The selection we were given contained the works of only three people. In my opinion though, these were some of the most influential people of their time. This is either because they were rich and famous, or because they brought a sense of stark reality into their poetry and songs. Bruce Springsteen and Bob Dylan are both prolific musicians who are very highly respected and whose views on war helped to influence a generation of people. Adrian Mitchell however, was more of an unknown. He wrote starkly, revealing poetry about the war and his views also helped to turn the tide of American pro-war sympathy.
Together, these three men saw the War in an unsavory way. They saw it as an evil and useless act of power and aggression. However, they were part of a minority of people. Luckily, they had status, money, and most of all they had gained the public’s trust and respect. Adrian Mitchell responded to the war in a fashion that was as subtle as the war was violent. Mitchell wrote scathing pieces of poetry that often were set to famous tunes and songs. He parodied the war in such a way that it reached everyone.
If you heard his poems once, set to music, every time you heard the proper song, you would remember about the little known poet who disputes the war. Mitchell was a very clever man. He subtly got his ideas into the human mind, and he formatted them in such a way that they would be triggered periodically and would remind you of the truth. He very sublimely redirected people’s attitudes toward the war. He changed them from pro-war to anti-war. He is a model on how to achieve change without resorting to violence or open demonstrations: simply, by attacking people from within.
You cannot hide from your own mind. Once his ideas took root, you were constantly reminded and it sickened you to think that those poor people in Vietnam went through all that shit. Mitchell used a very inventive way to imbed his ideas into the populace’s mind. You can almost say that he put a virus in our brains. Mitchell saw the war as nothing more than a senseless show of violence. In “Norman Morrison”, he shows very explicitly how the Vietnamese were treated and uses the example of a Quaker as the protagonist. “Norman Morrison set himself on fire outside the Pentagon”.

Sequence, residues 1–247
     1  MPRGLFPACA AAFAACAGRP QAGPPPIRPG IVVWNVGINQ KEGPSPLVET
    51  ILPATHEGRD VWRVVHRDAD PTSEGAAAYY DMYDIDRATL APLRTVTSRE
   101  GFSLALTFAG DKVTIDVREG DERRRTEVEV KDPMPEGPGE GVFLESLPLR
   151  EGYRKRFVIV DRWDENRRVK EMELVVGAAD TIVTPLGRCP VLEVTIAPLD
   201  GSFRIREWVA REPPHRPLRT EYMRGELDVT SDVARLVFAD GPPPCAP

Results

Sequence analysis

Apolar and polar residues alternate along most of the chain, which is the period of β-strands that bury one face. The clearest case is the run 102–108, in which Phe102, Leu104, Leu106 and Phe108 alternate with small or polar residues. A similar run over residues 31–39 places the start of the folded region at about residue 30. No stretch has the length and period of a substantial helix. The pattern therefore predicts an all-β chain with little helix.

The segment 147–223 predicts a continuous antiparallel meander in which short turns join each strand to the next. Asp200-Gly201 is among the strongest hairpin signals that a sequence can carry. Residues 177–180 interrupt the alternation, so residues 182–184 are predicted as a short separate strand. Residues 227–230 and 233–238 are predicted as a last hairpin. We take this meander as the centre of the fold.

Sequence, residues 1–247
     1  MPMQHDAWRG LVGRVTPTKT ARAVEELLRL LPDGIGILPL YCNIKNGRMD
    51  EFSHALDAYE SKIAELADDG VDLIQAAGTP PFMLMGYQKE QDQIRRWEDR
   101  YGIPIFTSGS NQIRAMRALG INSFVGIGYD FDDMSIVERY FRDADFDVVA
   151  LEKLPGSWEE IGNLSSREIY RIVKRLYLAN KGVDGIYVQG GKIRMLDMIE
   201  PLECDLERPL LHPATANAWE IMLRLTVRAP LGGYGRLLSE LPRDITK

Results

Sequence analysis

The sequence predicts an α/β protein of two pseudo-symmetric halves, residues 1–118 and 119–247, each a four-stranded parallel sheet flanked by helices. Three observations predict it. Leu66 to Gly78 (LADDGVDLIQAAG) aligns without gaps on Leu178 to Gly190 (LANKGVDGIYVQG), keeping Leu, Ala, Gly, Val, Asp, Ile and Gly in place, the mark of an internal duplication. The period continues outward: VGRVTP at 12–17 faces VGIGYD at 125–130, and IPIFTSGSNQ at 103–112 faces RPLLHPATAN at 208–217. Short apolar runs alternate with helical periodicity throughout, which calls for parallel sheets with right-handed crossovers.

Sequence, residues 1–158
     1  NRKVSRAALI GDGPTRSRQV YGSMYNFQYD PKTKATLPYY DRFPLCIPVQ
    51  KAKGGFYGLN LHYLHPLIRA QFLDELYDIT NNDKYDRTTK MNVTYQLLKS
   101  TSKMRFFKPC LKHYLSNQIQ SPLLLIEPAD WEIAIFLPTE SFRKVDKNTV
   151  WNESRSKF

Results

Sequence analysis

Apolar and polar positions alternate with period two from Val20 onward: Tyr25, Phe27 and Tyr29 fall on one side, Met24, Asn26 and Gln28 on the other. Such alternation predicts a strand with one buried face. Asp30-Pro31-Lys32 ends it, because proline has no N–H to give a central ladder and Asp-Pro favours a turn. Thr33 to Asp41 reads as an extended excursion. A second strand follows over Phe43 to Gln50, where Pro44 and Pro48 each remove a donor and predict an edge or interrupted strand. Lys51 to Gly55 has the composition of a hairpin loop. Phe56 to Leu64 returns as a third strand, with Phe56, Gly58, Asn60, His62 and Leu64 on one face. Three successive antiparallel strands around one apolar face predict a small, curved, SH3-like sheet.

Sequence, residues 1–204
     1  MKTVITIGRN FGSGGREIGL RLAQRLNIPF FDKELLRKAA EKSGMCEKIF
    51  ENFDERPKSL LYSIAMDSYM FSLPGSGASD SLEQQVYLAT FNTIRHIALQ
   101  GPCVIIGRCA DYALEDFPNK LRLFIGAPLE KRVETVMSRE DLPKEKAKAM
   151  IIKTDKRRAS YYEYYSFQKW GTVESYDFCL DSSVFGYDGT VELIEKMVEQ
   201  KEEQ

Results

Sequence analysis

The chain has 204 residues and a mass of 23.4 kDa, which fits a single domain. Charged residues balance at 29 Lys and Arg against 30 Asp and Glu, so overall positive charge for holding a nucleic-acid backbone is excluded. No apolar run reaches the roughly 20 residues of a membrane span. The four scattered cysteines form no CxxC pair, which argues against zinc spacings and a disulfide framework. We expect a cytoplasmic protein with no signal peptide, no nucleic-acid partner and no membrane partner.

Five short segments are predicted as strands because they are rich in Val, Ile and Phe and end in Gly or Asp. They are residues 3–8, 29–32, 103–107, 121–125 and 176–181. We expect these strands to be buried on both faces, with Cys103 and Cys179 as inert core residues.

The Quaker martyrs himself in front of the Pentagon, the building that is at the center of the war. Quakers are morally opposed to war, so this may not have been the best type of person to use in his poem, as his view of the war is not surprising. However, his actions are incredibly strange and are motivated by a deeply seated need to show his disapproval of the war. The Quaker shows his disdain of the Pentagon’s decision to continue the war.
Therefore, he does what only a person who is deeply devoted to peace can do. He sacrifices himself in the name of peace. He becomes the first Vietnamese on American soil. He simply burned away clothes… put on a new skin of flame, and became Vietnamese”. He has essentially left behind his American past and he takes on a new identity, Vietnamese. All of Mitchell’s other poems are as poignant and meaningful as this one. Although his other poems are not as vivid and lurid in their descriptions of the suffering of the Vietnamese, they assail the mind in different and equally potent ways. Mitchell uses repetition as a way for us to remember what he writes, and so, when we think of Vietnam, an embedded phrase which we have read many times comes back to us.
Mitchell uses a psychological manner to get through to us. He does not try to convince that he is right by standing in our faces and shouting. Instead, he enters by the back door of our mind and takes us by surprise. We are left completely unprepared for his hidden message and meaning. Many more conflicts could be solved more easily through this peaceable type of brainwashing. Bob Dylan was another great figure of his time. He was a great influence as a singer and celebrity. Bob Dylan wrote “All Along the Watchtower” and Jimi Hendrix sang it.